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In 1963, a 21-year-old physicist named Stephen Hawking
was diagnosed with a rare neuromuscular disorder
called amyotrophic lateral sclerosis, or ALS.
Gradually, he lost the ability to walk,
use his hands,
move his face,
and even swallow.
But throughout it all, he retained his incredible intellect,
and in the more than 50 years that followed,
Hawking became one of history's most accomplished and famous physicists.
However, his condition went uncured
and he passed away in 2018 at the age of 76.
Decades after his diagnosis,
ALS still ranks as one of the most complex,
mysterious,
and devastating diseases to affect humankind.
Also called motor neuron disease and Lou Gehrig's Disease,
ALS affects about two out of every 100,000 people worldwide.
When a person has ALS,
their motor neurons,
the cells responsible for all voluntary muscle control in the body,
lose function and die.
No one knows exactly why or how these cells die
and that's part of what makes ALS so hard to treat.
In about 90% of cases,
the disease arises suddenly, with no apparent cause.
The remaining 10% of cases are hereditary,
where a mother or father with ALS passes on a mutated gene to their child.
The symptoms typically first appear after age 40.
But in some rare cases, like Hawking's, ALS starts earlier in life.
Hawking's case was also a medical marvel because of how long he lived with ALS.
After diagnosis, most people with the disease live between 2 to 5 years
before ALS leads to respiratory problems that usually cause death.
What wasn't unusual in Hawking's case was that his ability to learn,
think,
and perceive with his senses remained intact.
Most people with ALS do not experience impaired cognition.
With so much at stake for the 120,000 people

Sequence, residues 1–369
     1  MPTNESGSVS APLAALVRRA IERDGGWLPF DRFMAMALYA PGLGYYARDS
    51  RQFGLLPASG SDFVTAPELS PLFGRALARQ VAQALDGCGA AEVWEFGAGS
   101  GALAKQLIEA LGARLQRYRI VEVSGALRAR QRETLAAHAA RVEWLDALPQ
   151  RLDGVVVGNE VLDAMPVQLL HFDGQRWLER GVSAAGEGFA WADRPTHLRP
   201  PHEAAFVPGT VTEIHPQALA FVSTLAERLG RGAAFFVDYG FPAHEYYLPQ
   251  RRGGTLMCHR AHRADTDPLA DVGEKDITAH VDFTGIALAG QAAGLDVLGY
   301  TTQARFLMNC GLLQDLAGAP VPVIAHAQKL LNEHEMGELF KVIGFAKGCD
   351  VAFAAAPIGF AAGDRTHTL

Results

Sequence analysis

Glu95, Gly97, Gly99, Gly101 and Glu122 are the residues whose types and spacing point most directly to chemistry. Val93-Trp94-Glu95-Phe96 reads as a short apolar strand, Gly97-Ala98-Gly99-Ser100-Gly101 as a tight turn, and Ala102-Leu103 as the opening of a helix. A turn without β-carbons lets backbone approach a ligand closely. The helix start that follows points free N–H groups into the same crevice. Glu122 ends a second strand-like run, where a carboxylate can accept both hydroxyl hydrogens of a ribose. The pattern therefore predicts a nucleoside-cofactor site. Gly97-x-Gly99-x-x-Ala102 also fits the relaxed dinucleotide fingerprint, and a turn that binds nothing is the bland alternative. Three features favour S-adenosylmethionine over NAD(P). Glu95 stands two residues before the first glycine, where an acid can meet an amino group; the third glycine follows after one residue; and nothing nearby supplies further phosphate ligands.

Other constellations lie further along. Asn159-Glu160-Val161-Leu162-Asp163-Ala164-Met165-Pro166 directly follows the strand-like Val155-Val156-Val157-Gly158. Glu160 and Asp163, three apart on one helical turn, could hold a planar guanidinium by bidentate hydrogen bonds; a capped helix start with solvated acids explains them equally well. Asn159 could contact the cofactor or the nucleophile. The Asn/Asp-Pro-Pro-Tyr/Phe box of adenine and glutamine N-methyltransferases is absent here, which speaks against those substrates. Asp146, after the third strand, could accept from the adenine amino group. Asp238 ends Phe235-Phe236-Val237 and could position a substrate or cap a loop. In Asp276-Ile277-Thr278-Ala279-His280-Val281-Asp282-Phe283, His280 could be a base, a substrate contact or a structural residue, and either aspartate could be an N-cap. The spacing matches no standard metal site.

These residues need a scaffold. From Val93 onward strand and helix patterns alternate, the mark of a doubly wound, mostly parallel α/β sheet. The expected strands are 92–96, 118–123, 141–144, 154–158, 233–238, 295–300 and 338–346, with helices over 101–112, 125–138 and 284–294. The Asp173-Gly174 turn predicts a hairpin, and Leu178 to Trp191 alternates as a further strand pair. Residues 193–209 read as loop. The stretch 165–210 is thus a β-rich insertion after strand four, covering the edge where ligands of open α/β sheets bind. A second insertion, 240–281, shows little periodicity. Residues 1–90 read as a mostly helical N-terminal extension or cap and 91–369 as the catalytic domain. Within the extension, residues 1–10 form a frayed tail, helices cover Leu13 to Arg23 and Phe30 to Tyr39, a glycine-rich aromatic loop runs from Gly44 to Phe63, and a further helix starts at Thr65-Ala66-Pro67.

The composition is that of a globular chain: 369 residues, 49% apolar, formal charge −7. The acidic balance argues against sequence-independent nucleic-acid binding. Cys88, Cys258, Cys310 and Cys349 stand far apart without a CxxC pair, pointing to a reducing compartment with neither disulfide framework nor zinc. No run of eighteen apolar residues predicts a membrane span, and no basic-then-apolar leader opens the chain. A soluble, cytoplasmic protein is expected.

who are diagnosed with ALS annually,
curing the disease has become one of our most important scientific
and medical challenges.
Despite the many unknowns,
we do have some insight into how ALS impacts the neuromuscular system.
ALS affects two types of nerve cells called the upper and lower motor neurons.
In a healthy body, the upper motor neurons,
which sit in the brain's cortex,
transmit messages from the brain to the lower motor neurons,
situated in the spinal cord.
Those neurons then transmit the message into muscle fibers,
which contract or relax in response,
resulting in motion.
Every voluntary move we make occurs
because of messages transmitted along this pathway.
But when motor neurons degenerate in ALS,
their ability to transfer messages is disrupted,
and that vital signaling system is thrown into chaos.
Without their regular cues, the muscles waste away.
Precisely what makes the motor neurons degenerate
is the prevailing mystery of ALS.
In hereditary cases, parents pass genetic mutations on to their children.
Even then, ALS involves multiple genes
with multiple possible impacts on motor neurons,
making the precise triggers hard to pinpoint.
When ALS arises sporadically, the list of possible causes grows:
toxins,
viruses,
lifestyle,
or other environmental factors may all play roles.
And because there are so many elements involved,
there's currently no single test that can determine whether someone has ALS.
Nevertheless, our hypotheses on the causes are developing.
One prevailing idea is that certain proteins inside the motor neurons
aren't folding correctly,
and are instead forming clumps.
The misfolded proteins and clumps may spread from cell to cell.
This could be clogging up normal cellular processes,
like energy and protein production, which keep cells alive.
We've also learned that along with motor neurons and muscle fibers,
ALS could involve other cell types.
ALS patients typically have inflammation in their brains and spinal cords.
Defective immune cells may also play a role in killing motor neurons.
And ALS seems to change the behavior of specific cells
that provide support for neurons.
These factors highlight the disease's complexity,
but they may also give us a fuller understanding of how it works,
opening up new avenues for treatment.
And while that may be gradual, we're making progress all the time.
We're currently developing new drugs,
new stem cell therapies to repair damaged cells,
and new gene therapies to slow the advancement of the disease.
With our growing arsenal of knowledge,
we look forward to discoveries that can change the future
for people living with ALS.
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Why is it so hard to cure ALS? - Fernando G. Vieira

840 Folder Collection
IS LIU published on July 25, 2018
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